This Body Map Shows You Exactly Where People Are Comfortable Being Touched - Just In Case You Weren't Sure

The study by Oxford University is very revealing

Body Map

The study by Oxford University is very revealing

An Oxford University study has revealed exactly where people do and don't like to be touched - and the results may surprise you.

The research, compiled from data from more than 1,300 people's responses, showed that men were far more comfortable with physical contact than women. The respondents were from five different countries, and had to colour in areas of the body that they would allow various people to touch.

The majority of women said they'd only be comfortable with male strangers touching their hands, with any other areas being out of bounds, while men were more comfortable with female strangers touching any part of their body - even their genitals.

But while men were happier for female strangers to touch them literally anywhere on their body, they were also more uncomfortable than women at being touched by friends. While women were generally happy with friends of both sexes touching most parts of their bodies, men were considerably more uncomfortable with similar types of physical contact.

See the results below...

The study, which is the biggest ever conducted into physical contact, shows that both men and women were uncomfortable with people touching their face - suggesting that the European greeting of kissing someone on both cheeks may be falling from grace.

Researcher Julia Suvilehto from Aalto University, which conducted the study alongside Oxford, said: 'The results indicate that touching is an important means of maintaining social relationships.The touch space map is closely associated with the pleasure caused by touching.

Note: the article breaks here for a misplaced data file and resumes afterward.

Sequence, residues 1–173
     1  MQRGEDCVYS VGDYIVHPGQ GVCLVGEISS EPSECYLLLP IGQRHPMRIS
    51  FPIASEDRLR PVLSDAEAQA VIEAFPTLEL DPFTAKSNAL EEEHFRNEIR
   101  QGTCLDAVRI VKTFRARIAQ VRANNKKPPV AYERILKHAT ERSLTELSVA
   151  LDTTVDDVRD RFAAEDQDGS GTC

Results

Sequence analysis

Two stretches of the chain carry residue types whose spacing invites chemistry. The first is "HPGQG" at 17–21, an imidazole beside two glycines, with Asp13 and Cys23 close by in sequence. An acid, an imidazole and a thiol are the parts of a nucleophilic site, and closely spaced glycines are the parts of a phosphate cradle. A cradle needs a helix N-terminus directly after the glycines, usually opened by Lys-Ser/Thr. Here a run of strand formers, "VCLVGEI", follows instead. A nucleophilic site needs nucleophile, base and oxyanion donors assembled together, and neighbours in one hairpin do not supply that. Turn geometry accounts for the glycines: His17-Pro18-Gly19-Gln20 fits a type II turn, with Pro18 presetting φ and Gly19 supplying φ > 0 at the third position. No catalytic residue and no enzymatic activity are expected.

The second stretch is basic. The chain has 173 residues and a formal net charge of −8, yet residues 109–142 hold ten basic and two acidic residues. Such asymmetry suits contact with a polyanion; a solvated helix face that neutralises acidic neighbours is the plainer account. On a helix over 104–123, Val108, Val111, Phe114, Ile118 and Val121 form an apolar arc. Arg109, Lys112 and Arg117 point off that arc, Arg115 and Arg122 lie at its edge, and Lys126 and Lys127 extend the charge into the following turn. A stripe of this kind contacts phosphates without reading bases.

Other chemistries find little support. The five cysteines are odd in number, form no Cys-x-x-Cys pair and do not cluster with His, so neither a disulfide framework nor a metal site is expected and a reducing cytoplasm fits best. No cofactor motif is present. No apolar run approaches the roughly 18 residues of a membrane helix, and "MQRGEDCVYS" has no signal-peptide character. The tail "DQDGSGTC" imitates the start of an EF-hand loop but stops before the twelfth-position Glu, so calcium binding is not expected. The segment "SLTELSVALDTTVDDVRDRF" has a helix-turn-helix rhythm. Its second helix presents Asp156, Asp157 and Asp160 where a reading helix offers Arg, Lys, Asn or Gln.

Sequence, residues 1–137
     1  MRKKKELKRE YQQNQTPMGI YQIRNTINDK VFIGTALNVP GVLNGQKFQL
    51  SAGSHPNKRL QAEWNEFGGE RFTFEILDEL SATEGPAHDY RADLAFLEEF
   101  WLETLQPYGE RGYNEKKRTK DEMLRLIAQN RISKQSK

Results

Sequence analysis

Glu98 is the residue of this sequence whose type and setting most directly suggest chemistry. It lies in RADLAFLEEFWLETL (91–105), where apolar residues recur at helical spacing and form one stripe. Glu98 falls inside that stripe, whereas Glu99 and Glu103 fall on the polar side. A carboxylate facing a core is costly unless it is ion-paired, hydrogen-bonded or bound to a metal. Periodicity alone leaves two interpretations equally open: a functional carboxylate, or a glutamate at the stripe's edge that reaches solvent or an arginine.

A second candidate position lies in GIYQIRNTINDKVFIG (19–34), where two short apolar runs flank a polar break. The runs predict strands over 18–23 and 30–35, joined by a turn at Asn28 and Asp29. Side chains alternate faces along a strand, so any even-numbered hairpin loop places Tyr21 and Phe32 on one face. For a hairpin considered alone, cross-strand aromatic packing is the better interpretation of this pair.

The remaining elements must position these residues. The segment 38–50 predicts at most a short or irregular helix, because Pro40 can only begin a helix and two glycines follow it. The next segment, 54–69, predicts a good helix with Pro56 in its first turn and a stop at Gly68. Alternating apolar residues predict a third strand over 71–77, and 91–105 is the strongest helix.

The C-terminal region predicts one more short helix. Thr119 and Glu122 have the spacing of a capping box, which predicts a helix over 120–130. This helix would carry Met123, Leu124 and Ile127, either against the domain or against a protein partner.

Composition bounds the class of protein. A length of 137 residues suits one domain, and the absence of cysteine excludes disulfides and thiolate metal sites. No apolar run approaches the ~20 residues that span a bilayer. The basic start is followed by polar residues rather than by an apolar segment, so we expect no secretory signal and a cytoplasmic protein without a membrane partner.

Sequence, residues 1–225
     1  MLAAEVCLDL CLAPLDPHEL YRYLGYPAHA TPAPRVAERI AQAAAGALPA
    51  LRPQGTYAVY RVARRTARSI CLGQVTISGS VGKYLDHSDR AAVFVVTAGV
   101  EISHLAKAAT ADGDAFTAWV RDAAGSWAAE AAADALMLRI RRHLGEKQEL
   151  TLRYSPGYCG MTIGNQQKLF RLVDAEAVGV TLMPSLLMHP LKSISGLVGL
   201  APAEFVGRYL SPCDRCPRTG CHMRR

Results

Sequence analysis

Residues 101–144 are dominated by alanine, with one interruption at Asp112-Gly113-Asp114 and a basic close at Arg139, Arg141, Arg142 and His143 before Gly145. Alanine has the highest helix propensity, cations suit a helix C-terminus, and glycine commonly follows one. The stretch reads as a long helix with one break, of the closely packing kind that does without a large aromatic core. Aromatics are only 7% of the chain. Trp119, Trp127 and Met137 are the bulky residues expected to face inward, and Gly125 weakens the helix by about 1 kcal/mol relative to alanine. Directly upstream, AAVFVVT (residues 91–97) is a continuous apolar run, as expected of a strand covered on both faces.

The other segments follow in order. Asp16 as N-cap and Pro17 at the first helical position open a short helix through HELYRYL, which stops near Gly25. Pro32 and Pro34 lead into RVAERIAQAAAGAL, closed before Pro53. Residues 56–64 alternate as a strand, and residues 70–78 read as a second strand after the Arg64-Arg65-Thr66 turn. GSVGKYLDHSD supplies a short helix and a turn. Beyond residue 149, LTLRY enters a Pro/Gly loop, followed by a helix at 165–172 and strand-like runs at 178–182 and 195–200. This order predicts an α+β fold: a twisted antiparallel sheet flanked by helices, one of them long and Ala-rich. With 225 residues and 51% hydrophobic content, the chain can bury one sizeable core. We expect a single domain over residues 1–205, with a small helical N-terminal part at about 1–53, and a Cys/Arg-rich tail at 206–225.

'The greater the pleasure caused by touching a specific area of the body, the more selectively we allow others to touch it.'

Professor Robin Dunbar, who led the study, told The Telegraph touching appropriately is all about context. 'We interpret touch depending on the context of the relationship. We may perceive a touch in a particular place from a relative or friend as a comforting gesture, while the same touch from a partner might be more pleasurable, and from a stranger it would be entirely unwelcome.

'I would guess that kissing a stranger on the cheek would still make a lot of people uncomfortable. But with modern life it has become as conventional as a handshake and so no longer seems overly-familiar, especially if you have been introduced by a friend.'

He also said that in the social media age, people are physically seeing and touching each other less frequently, which could have a knock-on effect on the quality of our relationships.

'Even in an era of mobile communications and social media, touch is still important for establishing and maintaining the bonds between people,' he said, 'We know that if people don’t see each other the quality of that relationship diminishes and your best friend will bump down to just an acquaintance. Social media does allow you to slow that decline but it doesn’t stop a relationship failing. You really need to see the whites of their eyes.'

Do you agree with the findings of the body map? Let us know @marieclaireuk

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